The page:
About 159 educators In total from northeastern Ontario responded to the questionnaire, and dozens of them left additional comments. A majority of respondents said they were behind schedule for teaching the required curriculum, with more than three-quarters indicating fewer students are meeting the learning objectives. 

Todd Cunningham, an associate professor at the University of Toronto and a school and clinical child psychologist, said he was not surprised by the feedback and the fact students are falling behind presents a "real concern." 

Todd Cunningham, a school and clinical child psychologist and an associate professor at the University of Toronto, says he's not surprised educators in the CBC questionnaire report students are falling behind. (Todd Cunningham)

In a typical year, Cunningham said, about 20 per cent of students experience a "summer slide," where they lose about two to three months of learning over the break. 

These students might have underlying learning challenges, or don't have access to learning resources or family support at home. Cunningham said that same group is likely to be even more behind their peers when they are eventually back in the physical classroom again.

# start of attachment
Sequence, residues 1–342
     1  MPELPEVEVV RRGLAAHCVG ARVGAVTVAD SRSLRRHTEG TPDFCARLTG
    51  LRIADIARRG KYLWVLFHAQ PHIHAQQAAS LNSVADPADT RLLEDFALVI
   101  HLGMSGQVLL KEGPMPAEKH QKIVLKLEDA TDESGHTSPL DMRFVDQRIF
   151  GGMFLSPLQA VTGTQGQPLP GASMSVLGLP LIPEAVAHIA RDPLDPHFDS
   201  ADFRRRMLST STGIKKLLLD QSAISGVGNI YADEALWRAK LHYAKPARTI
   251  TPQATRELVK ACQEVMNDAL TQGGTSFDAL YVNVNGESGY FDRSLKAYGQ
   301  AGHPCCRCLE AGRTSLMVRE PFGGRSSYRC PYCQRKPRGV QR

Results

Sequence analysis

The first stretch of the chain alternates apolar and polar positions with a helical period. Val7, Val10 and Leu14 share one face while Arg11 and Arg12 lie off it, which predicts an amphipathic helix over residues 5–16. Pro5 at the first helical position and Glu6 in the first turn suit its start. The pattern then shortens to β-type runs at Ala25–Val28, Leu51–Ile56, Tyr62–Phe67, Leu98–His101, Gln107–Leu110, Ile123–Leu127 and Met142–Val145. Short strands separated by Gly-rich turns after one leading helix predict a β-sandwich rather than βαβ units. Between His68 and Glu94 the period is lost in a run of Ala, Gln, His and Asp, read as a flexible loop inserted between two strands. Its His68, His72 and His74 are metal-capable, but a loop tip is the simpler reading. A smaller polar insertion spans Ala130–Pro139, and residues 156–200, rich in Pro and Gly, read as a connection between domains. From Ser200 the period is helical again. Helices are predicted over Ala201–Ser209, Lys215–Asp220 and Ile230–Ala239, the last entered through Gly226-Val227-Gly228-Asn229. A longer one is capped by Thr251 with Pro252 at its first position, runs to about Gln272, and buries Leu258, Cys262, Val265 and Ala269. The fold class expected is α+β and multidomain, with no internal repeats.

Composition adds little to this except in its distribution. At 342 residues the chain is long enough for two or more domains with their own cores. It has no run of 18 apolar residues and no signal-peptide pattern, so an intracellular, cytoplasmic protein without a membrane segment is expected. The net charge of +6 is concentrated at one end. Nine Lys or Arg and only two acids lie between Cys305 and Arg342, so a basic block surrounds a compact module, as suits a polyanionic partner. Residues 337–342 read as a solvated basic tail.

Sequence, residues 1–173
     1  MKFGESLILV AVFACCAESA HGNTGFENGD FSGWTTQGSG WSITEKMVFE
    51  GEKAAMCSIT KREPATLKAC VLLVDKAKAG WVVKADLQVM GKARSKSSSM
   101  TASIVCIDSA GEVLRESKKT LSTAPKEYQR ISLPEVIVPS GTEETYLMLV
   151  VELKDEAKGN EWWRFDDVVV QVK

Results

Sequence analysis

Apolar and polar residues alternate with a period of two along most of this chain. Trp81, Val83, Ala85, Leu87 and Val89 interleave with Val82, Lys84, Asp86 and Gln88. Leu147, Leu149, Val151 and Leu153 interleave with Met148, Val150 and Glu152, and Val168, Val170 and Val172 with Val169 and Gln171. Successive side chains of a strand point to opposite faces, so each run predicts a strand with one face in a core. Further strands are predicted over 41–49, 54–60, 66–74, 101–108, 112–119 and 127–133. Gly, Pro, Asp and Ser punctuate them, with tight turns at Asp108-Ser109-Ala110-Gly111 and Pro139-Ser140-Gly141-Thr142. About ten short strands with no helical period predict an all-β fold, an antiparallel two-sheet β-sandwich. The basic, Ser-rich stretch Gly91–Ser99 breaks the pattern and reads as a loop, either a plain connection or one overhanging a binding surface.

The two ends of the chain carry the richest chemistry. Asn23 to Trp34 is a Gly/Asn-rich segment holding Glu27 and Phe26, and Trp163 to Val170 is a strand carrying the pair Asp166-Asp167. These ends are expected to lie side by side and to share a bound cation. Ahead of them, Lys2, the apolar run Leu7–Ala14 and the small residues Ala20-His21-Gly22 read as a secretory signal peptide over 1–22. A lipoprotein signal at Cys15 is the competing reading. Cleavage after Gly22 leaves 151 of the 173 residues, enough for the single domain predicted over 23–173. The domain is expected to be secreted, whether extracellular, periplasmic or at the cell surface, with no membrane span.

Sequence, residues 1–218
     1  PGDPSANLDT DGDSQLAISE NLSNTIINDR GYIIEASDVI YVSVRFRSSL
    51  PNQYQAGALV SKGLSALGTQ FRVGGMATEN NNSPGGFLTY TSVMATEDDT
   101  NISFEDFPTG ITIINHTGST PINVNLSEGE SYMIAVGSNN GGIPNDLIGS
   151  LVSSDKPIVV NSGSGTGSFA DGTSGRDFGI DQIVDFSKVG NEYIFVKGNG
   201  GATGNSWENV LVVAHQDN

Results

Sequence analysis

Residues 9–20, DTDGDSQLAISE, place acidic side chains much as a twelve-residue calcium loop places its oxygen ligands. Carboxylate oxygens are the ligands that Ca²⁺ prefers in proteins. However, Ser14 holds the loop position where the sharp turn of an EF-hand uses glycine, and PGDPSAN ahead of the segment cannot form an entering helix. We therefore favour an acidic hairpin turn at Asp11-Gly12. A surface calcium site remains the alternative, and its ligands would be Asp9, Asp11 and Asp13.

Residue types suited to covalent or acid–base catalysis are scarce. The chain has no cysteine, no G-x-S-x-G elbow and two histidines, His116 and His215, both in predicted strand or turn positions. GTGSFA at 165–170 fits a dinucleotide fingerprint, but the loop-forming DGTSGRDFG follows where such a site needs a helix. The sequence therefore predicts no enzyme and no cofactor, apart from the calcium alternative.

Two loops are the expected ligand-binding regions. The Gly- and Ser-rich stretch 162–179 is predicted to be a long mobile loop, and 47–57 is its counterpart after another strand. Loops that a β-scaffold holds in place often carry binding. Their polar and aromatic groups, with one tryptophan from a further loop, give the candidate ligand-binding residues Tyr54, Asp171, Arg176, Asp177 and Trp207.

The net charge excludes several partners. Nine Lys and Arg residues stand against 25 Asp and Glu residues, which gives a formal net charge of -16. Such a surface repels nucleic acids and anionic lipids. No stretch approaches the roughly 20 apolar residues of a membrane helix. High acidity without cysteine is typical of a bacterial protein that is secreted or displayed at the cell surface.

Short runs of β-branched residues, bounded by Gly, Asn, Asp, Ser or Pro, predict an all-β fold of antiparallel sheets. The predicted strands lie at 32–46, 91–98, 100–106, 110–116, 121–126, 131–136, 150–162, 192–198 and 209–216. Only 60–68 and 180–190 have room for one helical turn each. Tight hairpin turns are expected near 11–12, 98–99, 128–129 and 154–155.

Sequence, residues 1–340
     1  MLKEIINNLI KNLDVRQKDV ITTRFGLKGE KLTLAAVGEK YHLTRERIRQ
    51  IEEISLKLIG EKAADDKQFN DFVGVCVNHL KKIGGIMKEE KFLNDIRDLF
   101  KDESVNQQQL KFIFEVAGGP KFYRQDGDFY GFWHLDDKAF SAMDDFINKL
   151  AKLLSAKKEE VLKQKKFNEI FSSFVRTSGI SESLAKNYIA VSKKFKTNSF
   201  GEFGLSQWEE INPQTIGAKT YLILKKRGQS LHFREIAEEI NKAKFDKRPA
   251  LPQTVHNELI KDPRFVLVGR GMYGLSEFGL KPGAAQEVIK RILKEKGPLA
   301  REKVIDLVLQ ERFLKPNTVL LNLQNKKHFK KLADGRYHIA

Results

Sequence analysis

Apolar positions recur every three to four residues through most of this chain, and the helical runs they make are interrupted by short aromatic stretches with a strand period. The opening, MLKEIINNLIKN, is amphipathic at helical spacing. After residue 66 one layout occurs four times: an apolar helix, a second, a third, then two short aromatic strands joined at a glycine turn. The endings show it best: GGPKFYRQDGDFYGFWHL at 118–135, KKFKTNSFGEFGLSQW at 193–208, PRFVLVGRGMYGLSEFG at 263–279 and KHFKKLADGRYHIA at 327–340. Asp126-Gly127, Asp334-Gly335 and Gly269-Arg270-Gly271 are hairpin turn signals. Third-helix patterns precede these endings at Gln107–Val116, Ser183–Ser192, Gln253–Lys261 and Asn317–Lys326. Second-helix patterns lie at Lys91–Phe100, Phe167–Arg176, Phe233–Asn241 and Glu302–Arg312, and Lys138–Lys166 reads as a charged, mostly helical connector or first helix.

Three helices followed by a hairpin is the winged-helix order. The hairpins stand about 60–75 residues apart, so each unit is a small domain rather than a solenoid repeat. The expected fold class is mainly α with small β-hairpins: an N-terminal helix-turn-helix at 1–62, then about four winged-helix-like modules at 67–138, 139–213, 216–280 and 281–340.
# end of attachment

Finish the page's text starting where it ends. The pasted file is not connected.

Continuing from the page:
"We know that the performance gap between those who have had those accesses and those who haven't is going to be much wider, and if we don't do anything about it, if we just run things as usual, then that gap will stay quite large."

Those students will be the ones who will … be at a long-term disadvantage.— Todd Cunningham, clinical child psychologist

It's a concern that was echoed in several anonymous comments from educators in their responses to CBC's questionnaire. 

"I have seen a marked decrease in many of the students' engagement, attention, ability to complete work and quality of work. This mostly affects those students who are below, or well below average academic range, even with extra supports being offered," wrote one middle-school teacher. 

"Many of my students are left alone or in charge of younger siblings in the home, while parents have to leave home to work. I fear this 'COVID generation' of students will face challenges the rest of their education, as well as far into adulthood."

'They can get caught up'